I feel strongly about this, in part b/c there have been so many posts in which getting ahold of someone else's finances is more the goal than serving as a fiduciary, for and on behalf of that compromised individual.
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I agree with those commenting below. Esp about the sheet listing finances but no details. I think nothing will work, so it is as with 2 years olds. The "No" will have to suffice.
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If she has access to the facility phone, don't bother with a cell phone. You won't get rest because she will be calling day and night. Give her a very basic sheet about her finances but don't have identifying information, otherwise unscrupulous individuals will take her to the cleaners. Just give her $10-$15 for her purse.
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Are you her general POA?
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I wouldn't give her a cell phone. As Lileesa stated, she has access to the facility phone. My mom, who had dementia, had a phone by her bed and I placed my sisters' and her granddaughter's phone numbers on auto dial to make it easy. Usually she couldn't remember how to use it because of her dementia. Then one night she could remember and started calling people in the middle of the night! I removed all those numbers. Then one night she started dialing random numbers! That's when I removed the phone.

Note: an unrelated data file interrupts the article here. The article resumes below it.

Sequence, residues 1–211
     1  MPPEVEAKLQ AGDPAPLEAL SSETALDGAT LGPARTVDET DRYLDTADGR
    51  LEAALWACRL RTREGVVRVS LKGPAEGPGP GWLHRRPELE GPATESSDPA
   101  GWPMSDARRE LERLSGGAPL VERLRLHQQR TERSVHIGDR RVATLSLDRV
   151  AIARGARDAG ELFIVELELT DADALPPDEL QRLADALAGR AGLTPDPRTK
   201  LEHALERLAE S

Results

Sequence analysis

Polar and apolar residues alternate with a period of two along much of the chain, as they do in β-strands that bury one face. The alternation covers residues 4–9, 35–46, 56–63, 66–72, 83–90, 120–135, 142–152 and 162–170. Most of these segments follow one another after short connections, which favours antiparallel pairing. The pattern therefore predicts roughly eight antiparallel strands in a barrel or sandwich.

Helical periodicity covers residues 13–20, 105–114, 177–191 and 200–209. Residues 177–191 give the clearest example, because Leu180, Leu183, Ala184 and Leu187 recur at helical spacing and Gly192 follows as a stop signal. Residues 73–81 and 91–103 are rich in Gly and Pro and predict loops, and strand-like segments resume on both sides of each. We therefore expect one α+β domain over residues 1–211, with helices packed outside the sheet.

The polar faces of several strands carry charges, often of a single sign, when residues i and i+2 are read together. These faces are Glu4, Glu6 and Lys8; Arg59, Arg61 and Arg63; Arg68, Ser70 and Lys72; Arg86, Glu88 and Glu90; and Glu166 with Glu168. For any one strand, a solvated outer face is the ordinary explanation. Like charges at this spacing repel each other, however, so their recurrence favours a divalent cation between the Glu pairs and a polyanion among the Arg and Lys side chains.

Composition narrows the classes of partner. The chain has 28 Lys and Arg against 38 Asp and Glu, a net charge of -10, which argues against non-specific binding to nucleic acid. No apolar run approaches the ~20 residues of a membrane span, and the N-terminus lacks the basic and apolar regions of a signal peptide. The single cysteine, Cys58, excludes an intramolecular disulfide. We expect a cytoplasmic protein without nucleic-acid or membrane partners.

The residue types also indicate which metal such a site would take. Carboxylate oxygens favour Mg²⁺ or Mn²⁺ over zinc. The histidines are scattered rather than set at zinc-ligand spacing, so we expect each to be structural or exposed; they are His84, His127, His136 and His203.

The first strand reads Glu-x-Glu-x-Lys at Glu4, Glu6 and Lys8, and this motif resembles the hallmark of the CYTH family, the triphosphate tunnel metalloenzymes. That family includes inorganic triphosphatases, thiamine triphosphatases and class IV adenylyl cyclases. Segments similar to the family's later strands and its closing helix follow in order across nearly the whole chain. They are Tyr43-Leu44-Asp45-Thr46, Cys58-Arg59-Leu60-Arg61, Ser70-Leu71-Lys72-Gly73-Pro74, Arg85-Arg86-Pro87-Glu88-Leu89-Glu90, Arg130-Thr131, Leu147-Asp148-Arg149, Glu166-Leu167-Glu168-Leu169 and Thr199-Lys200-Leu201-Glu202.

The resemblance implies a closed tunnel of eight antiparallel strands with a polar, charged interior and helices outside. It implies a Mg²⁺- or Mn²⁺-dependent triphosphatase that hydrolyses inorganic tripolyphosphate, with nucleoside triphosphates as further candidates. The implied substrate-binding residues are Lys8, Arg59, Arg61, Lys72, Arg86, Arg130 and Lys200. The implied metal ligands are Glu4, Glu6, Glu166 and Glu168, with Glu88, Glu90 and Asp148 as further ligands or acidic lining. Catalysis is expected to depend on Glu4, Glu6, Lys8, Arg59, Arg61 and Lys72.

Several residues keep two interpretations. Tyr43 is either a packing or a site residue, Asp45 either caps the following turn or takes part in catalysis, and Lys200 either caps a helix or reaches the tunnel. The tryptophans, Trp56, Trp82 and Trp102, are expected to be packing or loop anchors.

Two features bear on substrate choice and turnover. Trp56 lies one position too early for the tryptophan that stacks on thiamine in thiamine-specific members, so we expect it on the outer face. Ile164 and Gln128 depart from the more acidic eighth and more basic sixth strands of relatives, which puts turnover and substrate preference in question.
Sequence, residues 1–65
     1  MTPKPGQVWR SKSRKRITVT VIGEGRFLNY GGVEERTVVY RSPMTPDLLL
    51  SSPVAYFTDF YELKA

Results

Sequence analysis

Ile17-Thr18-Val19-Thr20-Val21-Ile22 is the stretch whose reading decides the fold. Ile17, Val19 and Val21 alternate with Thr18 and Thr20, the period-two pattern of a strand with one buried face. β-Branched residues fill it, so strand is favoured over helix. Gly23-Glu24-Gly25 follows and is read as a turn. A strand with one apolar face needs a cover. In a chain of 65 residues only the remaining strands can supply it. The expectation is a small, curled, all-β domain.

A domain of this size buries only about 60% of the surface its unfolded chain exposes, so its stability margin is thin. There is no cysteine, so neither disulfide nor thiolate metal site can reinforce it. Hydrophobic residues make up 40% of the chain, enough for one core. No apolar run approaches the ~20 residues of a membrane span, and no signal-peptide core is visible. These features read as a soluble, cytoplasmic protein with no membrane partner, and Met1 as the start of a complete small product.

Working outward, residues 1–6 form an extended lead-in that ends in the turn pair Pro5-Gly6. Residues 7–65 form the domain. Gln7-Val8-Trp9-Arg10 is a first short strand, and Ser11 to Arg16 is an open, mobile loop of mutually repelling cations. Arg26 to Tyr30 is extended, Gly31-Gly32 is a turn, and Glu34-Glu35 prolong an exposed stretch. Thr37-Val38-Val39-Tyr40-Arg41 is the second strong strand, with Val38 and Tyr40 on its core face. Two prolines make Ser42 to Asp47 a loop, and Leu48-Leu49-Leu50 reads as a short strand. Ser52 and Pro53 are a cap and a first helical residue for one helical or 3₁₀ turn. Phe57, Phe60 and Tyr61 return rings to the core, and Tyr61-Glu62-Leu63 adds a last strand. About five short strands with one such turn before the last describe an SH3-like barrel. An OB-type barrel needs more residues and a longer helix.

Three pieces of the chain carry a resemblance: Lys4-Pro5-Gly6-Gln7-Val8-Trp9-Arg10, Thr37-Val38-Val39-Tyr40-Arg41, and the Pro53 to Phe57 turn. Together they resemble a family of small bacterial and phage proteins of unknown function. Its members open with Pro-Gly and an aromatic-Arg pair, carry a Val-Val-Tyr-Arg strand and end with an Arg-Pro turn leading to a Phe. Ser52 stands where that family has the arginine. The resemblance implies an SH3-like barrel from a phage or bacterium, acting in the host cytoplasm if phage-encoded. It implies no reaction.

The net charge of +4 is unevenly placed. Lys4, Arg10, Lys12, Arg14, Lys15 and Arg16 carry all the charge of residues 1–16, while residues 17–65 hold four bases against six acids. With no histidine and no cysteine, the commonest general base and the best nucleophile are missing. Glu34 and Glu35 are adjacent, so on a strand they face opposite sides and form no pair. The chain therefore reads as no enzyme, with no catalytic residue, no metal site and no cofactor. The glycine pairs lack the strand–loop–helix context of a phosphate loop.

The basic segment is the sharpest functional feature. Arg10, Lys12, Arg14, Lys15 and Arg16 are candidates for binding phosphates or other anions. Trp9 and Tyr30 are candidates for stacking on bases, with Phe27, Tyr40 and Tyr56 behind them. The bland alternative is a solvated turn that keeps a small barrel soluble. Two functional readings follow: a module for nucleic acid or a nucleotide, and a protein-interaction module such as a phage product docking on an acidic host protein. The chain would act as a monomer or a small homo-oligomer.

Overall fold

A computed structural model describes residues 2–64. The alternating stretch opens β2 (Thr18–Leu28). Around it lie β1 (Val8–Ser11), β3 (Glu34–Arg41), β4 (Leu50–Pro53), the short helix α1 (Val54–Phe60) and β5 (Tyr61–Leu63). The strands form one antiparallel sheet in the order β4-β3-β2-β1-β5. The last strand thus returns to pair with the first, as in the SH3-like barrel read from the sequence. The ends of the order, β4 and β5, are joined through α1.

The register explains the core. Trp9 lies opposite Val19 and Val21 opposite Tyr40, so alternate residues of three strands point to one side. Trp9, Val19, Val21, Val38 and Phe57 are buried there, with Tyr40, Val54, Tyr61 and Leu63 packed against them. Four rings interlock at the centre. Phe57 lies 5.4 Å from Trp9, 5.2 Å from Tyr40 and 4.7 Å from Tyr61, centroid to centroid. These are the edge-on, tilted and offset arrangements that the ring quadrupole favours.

For Mom's financial information, I had a habit of making up a monthly statement (and sanitized of all account numbers or mention of her bank because Mom would throw away intact bank statements) of all her finances that month. Again because of her dementia, she would forget she had them. If she mentioned her finances or when she was having a lucid day, I would show her the latest statement, carefully go through it with her, and make sure she had all her questions answered.

Your mother is entitled to know that all her finances are being taken care of properly. Do you (or the person taking care of her finances) have a set-up for a once or twice-monthly meeting where you (or whomever) show her all her finances and what's happening? If she had a meeting that she could count on without having to ask for it, that feeling of some control may settle her.

For cash, I always kept about $60 in Mom's purse. This way if she and I or if a sister or her granddaughter took her out, her being able to help out with gas or buy lunch made her feel good.
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IMO if she has access to a facility phone she does not need the cell phone under the circumstances you have described. I can picture all kinds of problems and purchases. My mom has late stage Alzheimer's. I photo her bank accounts and give a copy to her. Frankly, I could give her anything and she wouldn't know the difference. It most times satisfies her.

I give her a limited amount of cash and try to monitor it. A small amount of money is worth the investment to find out. - My mom counts it - hides it and then forgets where it is.